THE PEOPLE VS. LARRY FLYNT (Milos Forman, 1996)

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“Ladies and gentlemen of the jury, you’ve heard a lot here today, and I’m not gonna try to go back over it all again for you. But you have to go back in that room and make some decisions. And there is one thing I want to make very clear to you before you do. I am not trying to convince you that you should like what Larry Flynt does.

I don’t like what Larry Flynt does. But what I do like is that I live in a country where you and I can make that decision for ourselves. I like that I live in a country where I can pick up Hustler and read it if I want to or throw it in the garbage can if that’s where I think it belongs. Or better yet, I can exercise my opinion and not buy it.

I like that I have that right. I care about it. And you should care about it too. You really should. Because we live in a free country. We say that a lot, but I think sometimes we forget really what that means, so listen to it again.

We live in a free country. And that is a powerful idea. That’s a magnificent way to live. But there’s a price for that freedom, which is that sometimes we have to tolerate things that we don’t necessarily like.

So go back in that room, where you are free to think whatever you want to think about Larry Flynt and Hustler magazine. But ask yourselves if you want to make that decision for the rest of us. Because the freedom that everyone in this room enjoys is in a very real way in your hands. If we start throwing up walls against what some of us think is obscene we may very well wake up one morning and realize walls have been thrown up in all kinds of places that we never expected. And we can’t see anything or do anything.

And that’s not freedom. That is not freedom. So be careful. Thank you.”

(Also, Woody Harrelson gave the performance of his life in this film.)

Rating: ★★★★★

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BREAKING THE WAVES (Lars von Trier, 1996)

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SPOILER ALERT!!

I’d always remember this film as the one that my college Theology professor detested so much that she spoiled the entire story in one of our classes and discouraged us from ever seeing it, lest our souls burn in the pits of hell.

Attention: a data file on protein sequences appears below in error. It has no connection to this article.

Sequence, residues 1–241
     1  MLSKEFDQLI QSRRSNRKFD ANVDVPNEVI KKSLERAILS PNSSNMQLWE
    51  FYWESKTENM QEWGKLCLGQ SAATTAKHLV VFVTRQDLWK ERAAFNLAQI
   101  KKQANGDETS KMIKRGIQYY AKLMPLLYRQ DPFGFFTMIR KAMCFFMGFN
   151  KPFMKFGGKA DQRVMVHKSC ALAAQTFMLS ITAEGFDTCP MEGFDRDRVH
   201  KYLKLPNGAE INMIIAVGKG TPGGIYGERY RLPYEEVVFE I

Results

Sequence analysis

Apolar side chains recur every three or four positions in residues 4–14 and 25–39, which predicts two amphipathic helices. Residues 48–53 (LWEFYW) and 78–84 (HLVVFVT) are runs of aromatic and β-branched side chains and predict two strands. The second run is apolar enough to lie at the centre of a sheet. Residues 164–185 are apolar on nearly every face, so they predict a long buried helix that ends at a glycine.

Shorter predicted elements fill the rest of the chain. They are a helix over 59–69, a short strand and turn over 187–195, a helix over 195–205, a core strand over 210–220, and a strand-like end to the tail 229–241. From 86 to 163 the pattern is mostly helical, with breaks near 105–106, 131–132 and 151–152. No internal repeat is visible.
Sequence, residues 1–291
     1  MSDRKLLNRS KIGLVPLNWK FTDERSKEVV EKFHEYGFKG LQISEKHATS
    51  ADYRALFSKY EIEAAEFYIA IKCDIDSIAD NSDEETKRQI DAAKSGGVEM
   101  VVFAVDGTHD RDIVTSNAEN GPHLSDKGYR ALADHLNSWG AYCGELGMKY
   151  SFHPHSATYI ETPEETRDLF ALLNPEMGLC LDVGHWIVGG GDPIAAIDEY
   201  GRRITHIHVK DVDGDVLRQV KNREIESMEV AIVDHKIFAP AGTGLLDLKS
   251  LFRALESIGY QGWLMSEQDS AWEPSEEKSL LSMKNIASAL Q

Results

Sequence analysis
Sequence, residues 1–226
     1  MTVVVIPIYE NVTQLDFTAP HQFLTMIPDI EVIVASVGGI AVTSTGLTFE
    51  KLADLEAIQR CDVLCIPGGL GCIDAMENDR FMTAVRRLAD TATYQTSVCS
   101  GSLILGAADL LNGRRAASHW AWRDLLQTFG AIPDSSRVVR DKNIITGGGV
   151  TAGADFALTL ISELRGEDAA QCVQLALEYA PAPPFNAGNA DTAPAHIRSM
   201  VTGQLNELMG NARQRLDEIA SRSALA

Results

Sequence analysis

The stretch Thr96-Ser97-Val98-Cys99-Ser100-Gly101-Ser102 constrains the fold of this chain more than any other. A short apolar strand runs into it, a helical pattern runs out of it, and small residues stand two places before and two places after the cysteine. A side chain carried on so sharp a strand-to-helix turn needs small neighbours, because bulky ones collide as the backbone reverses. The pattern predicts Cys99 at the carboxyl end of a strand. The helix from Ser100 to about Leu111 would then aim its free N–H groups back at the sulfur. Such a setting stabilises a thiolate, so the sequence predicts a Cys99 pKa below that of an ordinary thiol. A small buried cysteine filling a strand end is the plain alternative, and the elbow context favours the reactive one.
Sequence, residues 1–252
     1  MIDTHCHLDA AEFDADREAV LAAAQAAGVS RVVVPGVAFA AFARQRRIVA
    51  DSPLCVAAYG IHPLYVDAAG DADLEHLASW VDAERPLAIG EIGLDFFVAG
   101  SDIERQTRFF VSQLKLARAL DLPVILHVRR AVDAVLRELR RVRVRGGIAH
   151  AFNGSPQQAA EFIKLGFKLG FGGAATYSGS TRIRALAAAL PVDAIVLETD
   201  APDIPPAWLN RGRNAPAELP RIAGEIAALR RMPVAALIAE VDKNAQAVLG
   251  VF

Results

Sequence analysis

Being the obedient, saintly, Catholic school-raised kid that I was, of course I ignored her warning and immediately looked for a copy from my favorite mIRC channel (the cinema-related one, not the other kind). I was enthralled for two and a half hours and absorbed every “immoral” theme it had to offer. My spirit felt completely free by the time the bells started chiming in the end.

I guess I still turned out okay. (Not so sure about my soul, though.) Sadly, I never had the chance to tell my dear old teacher how much I loved it and that she “had no right to consign Bess to hell”.

Emily Watson was just phenomenal here. The rest of the cast (especially Stellan Skarsgard and the late Katrin Cartlidge) were terrific as well.

If you were able to watch the National Anthem episode of Black Mirror, you might have heard of the Dogme 95 style as part of the hostage taker’s demands in terms of filming that pig scene (“no background music, only natural light for authenticity”). That directorial choice worked really well in this one. Made me wonder if it was time to revive the Mother Lily Pito-Pito cinematic movement.

Rating: ★★★★★

THE CRUCIBLE (Nicholas Hytner, 1996)

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Abigail Williams (Winona Ryder) inciting mass hysteria that played on people’s fears and religious zealotry just because she was denied a married John Proctor’s (Daniel Day-Lewis) big dick energy had to be one of the most villainous turns in cinema (and literature) history alongside that little lying witch Briony (Saoirse Ronan) in Atonement.

I related the most with Martha Corey (Mary Pat Gleason) who mockingly laughed at the devious fainting girls and said, “What else are fools good for?” which was obviously the equivalent of our local version of “Tingnan mo ang mga tangang ‘to!”.

Rating: ★★★★☆